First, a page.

This article was originally published on The New York Times.


“Bank of England Governor Mark Carney called on the world’s businesses to publish strategies for cutting carbon emissions and adopting cleaner power sources by November, when world leaders meet in Scotland for U.N.-led climate talks.

“It’s not just green assets and divestment campaigns or certain things are so brown or black. Every company ultimately has to have a plan for a transition and what the opportunities are and where the risks are,” Carney said in an interview.

…The Canadian banker, who disarmed the British insurance industry in 2015 when, in a speech called “Tragedy of the Horizon,” he warned of their exposure to climate-related events, has been one of the most vocal public figures to push for better supervision and disclosure of climate risk.

The Task Force on Climate-related Financial Disclosures (TCFD), which he launched in 2015, has become a global standard that more than 1,000 companies, financial firms, governments and other organizations have adhered to.

The intentions behind it also chime with a shift of emphasis by another leading central banker, European Central Bank President Christine Lagarde [read more on this here].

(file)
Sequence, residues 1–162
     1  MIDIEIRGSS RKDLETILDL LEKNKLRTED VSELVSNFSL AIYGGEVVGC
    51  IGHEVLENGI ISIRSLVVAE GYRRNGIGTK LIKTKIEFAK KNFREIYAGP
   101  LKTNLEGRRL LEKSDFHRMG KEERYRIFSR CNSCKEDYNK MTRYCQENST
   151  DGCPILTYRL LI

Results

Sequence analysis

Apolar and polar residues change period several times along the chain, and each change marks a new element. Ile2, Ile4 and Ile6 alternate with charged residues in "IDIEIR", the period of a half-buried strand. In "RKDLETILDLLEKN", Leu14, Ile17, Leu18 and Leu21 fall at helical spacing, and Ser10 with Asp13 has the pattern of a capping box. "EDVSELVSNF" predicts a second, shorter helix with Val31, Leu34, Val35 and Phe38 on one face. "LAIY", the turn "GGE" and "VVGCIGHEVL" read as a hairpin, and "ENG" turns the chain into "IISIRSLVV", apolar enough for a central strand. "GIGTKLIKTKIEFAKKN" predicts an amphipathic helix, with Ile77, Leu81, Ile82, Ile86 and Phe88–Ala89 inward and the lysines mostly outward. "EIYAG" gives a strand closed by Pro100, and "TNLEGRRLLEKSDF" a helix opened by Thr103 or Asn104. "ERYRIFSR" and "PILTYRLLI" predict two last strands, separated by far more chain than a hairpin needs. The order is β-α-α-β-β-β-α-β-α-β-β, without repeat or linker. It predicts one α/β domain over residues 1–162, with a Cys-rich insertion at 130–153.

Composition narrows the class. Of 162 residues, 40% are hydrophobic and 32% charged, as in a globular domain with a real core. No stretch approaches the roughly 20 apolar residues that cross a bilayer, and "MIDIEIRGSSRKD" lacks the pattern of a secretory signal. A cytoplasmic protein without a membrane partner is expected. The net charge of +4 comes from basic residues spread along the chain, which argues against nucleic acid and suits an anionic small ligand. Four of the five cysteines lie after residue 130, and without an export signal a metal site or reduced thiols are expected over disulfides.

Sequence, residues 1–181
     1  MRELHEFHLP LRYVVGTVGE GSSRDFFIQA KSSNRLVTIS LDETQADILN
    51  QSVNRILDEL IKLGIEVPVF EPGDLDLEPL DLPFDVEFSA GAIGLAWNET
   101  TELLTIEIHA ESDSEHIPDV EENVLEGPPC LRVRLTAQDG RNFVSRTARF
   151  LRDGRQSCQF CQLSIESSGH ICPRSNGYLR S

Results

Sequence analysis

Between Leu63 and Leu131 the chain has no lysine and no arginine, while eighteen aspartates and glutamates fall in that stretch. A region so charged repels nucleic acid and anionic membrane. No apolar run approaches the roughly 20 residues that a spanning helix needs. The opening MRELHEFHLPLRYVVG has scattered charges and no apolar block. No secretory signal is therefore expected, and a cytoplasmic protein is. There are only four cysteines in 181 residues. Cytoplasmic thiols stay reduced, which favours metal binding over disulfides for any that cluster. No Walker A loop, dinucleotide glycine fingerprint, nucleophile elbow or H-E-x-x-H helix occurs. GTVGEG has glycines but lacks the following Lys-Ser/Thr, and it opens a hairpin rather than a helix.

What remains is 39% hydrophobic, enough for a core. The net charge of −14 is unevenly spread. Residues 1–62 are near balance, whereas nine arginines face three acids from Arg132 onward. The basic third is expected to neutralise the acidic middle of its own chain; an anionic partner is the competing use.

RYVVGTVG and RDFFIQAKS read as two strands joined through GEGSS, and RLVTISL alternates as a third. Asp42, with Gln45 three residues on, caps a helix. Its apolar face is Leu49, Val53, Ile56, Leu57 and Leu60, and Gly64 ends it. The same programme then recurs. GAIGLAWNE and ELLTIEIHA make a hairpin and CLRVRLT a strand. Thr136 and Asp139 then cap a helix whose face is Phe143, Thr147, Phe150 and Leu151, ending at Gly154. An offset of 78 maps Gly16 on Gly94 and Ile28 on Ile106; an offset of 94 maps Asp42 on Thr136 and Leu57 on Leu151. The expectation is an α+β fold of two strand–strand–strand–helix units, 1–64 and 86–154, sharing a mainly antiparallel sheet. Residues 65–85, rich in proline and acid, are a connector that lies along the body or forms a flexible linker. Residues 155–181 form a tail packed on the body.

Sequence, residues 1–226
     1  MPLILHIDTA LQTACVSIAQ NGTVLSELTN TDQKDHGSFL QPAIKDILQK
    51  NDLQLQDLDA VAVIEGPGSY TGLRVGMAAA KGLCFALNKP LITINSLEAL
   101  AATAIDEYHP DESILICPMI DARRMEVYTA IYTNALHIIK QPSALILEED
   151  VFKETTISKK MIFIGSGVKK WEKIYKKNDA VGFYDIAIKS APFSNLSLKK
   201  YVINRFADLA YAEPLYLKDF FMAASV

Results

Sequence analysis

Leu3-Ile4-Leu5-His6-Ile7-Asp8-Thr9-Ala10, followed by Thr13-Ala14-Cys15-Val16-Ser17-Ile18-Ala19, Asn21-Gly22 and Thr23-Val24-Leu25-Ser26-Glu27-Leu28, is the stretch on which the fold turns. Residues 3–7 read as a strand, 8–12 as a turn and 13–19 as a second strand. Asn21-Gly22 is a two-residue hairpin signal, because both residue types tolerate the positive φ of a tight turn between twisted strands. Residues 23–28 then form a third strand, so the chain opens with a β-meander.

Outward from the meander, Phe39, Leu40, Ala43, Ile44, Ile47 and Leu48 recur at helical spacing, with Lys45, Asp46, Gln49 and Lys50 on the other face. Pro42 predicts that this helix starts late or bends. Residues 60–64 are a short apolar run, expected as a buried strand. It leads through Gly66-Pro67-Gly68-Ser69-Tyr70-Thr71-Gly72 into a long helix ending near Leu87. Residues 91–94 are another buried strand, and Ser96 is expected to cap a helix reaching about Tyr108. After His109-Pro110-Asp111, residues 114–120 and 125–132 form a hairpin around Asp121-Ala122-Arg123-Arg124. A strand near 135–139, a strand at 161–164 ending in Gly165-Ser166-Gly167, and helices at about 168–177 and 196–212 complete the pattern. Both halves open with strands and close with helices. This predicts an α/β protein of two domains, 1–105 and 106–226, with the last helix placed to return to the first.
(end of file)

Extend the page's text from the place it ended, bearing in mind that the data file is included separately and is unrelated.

…For the time being, the TCFD remains voluntary, and it can be hard to compare and verify the claims of disclosures.

…Carney said November’s COP26 climate talks would also be a good deadline for regulators to map out how to make the TCFD framework compulsory.

“One of the things we will look at ahead at for the COP26 is ‘should we have pathways to make the TCFD mandatory?’ Not overnight, but through listing requirements or securities regulation disclosure standards,” he said.

Such an effort needs to be global, Carney said, encompassing regions laying out their own plans for cutting emissions.”

Read on at: The New York Times